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With two sister Graces more
To ivy-crowned Bacchus bore :
Or whether (as some sager sing)
The frolic wind that breathes the spring
Zephyr, with Aurora playing,
As he met her once a-Maying -
There on beds of violets blue
And fresh-blown roses wash'd in dew
Fill'd her with thee, a daughter fair,
So buxom, blithe, and debonair.

Haste thee, Nymph, and bring with thee
Jest, and youthful jollity,
Quips, and cranks, and wanton wiles,
Nods, and becks, and wreathéd smiles
Such as hang on Hebe's cheek,
And love to live in dimple sleek ;
Sport that wrinkled Care derides,
And Laughter holding both his sides :-
Come, and trip it as you go
On the light fantastic toe ;
And in thy right hand lead with thee
The mountain nymph, sweet Liberty ;
And if I give thee honour due
Mirth, admit me of thy crew,
To live with her, and live with thee
In unreproved pleasures free;
To hear the lark begin his flight
And singing startle the dull night
From his watch-tower in the skies,
Till the dappled dawn doth rise ;
Then to come, in spite of sorrow,
And at my window bid good-morrow
Through the sweetbriar, or the vine,
Or the twisted eglantine :

While the cock with lively din
Scatters the rear of darkness thin,
And to the stack, or the barn-door,
Stoutly struts his dames before :
Oft listening how the hounds and horn
Cheerly rouse the slumbering morn,
From the side of some hoar hill,
Through the high wood echoing shrill.
Sometime walking, not unseen,
By hedge-row elms, on hillocks green,
Right against the eastern gate
Where the great Sun begins his state
Robed in flames and amber light,
The clouds in thousand liveries dight;
While the ploughman, near at hand,
Whistles o'er the furrow'd land,
And the milkmaid singeth blithe,
And the mower whets his scythe,
And every shepherd tells his tale
Under the hawthorn in the dale.

Straight mine eye hath caught new pleasures
Whilst the landscape round it measures ;
Russet lawns, and fallows gray,
Where the nibbling flocks do stray ;
Mountains, on whose barren breast
The labouring clouds do often rest;
Meadows trim with daisies pied,
Shallow brooks, and rivers wide;
Towers and battlements it sees
Bosom’d high in tufted trees,
Where perhaps some Beauty lies,
The Cynosure of neighbouring eyes.

Hard by, a cottage chimney smokes From betwixt two aged oaks,

Where Corydon and Thyrsis, met,
Are at their savoury dinner set
Of herbs, and other country messes
Which the neat-handed Phillis dresses;
And then in haste her bower she leaves
With Thestylis to bind the sheaves ;
Or, if the earlier season lead,
To the tann'd haycock in the mead.

Sometimes with secure delight
The upland hamlets will invite,
When the merry bells ring round,
And the jocund rebecks sound
To many a youth and many a maid,
Dancing in the chequer'd shade;
And young and old come forth to play
On a sun-shine holy-day,
Till the live-long day-light fail :
Then to the spicy nut-brown ale,
With stories told of many a feat,
How jaery Mab the junkets eat;
She was pinch’d, and pull’d, she said ;
And he, by friar's lantern led ;
Tells how the drudging Goblin sweat
To earn his cream-bowl duly set,
When in one night, ere glimpse of morn,
His shadowy flail hath thresh'd the corn
That ten day-labourers could not end ;
Then lies him down the lubber fiend,
And, stretch'd out all the chimney's length,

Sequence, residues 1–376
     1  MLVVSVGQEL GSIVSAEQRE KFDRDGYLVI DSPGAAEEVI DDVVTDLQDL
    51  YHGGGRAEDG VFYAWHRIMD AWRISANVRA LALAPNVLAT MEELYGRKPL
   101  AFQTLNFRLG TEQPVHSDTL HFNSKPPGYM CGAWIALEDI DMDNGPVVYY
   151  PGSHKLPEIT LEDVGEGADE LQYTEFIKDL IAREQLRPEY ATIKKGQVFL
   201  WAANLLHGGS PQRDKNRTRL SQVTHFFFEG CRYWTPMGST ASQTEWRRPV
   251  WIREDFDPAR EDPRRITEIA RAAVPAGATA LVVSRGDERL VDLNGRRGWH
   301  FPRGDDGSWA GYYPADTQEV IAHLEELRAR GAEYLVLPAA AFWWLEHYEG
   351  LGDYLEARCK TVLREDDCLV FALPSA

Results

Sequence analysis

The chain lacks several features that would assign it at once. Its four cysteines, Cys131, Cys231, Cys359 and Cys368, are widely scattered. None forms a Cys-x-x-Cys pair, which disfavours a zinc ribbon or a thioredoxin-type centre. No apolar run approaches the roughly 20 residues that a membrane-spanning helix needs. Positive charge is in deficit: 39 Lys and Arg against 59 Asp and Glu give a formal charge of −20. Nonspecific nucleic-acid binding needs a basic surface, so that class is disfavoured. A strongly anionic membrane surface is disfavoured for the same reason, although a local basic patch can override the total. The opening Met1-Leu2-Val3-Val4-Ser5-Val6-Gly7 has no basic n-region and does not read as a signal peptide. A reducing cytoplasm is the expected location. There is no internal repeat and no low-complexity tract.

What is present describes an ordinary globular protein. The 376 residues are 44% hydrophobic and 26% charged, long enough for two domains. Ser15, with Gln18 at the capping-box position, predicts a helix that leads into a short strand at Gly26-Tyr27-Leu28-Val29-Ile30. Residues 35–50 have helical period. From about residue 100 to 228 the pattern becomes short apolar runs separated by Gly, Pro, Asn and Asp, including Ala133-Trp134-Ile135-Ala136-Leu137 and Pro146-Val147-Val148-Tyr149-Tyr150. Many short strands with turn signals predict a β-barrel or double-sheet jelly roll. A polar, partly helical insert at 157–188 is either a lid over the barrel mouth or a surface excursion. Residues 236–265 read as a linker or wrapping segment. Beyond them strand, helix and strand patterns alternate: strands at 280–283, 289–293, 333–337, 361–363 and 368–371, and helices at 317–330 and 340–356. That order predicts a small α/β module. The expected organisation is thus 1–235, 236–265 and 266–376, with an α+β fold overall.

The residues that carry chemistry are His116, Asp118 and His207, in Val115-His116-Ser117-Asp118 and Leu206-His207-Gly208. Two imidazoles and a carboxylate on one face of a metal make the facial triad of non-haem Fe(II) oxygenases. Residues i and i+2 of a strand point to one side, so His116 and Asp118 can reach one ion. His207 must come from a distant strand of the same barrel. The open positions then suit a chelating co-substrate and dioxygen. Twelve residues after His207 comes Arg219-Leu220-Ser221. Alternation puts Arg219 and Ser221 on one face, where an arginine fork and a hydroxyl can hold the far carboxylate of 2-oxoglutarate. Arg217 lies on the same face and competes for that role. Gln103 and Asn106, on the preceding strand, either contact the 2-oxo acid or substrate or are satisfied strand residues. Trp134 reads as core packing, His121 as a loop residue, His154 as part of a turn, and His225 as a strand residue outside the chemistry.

Basks at the fire his hairy strength;
And crop-full out of doors he flings,
Ere the first cock his matin rings.

Thus done the tales, to bed they creep. By whispering winds soon lull'd asleep:

Tower'd cities please us then And the busy hum of men, Where throngs of knights and barons bold In weeds of peace high triumphs hold, With store of ladies, whose bright eyes Rain influence, and judge the prize Of wit or arms, while both contend To win her grace, whom all commend. There let Hymen oft appear In saffron robe, with taper clear, And pomp, and feast, and revelry, With mask, and antique pageantry ; Such sights as youthful poets dream On summer eves by haunted stream. Then to the well-trod stage anon, If Jonson's learned sock be on, Or sweetest Shakspeare, Fancy's child, Warble his native wood-notes wild.

And ever against eating cares Lap me in soft Lydian airs Married to immortal verse, Such as the meeting soul may pierce In notes, with many a winding bout Of linkéd sweetness long drawn out, With wanton heed and giddy cunning, The melting voice through mazes running, Untwisting all the chains that tie The hidden soul of harmony; That Orpheus' self may heave his head From golden slumber, on a bed Of heap'd Elysian flowers, and hear Such strains as would have won the ear Of Pluto, to have quite set free His half-regain'd Eurydice.

These delights if thou canst give,
Mirth, with thee I mean to live.

7. Milton

CXIII

IL PENSEROSO

ENCE, vain deluding Joys,

of father bred :

How little you bestead

Or fill the fixéd mind with all your toys! Dwell in some idle brain,

And fancies fond with gaudy shapes possess As thick and numberless

As the gay motes that people the sunbeans, Or likest hovering dreams

The fickle pensioners of Morpheus' train.

But hail, thou goddess sage and holy, Hail, divinest Melancholy ! Whose saintly visage is too bright To hit the sense of human sight, And therefore to our weaker view O'erlaid with black, staid Wisdom's hue; Black, but such as in esteem Prince Memnon's sister might beseem, Or that starr'd Ethiop queen that strove To set her beauty's praise above The sea nymphs, and their powers offended, Yet thou art higher far descended: Thee bright-hair'd Vesta, long of yore, To solitary Saturn bore; His daughter she ; in Saturn's reign Such mixture was not held a stain :

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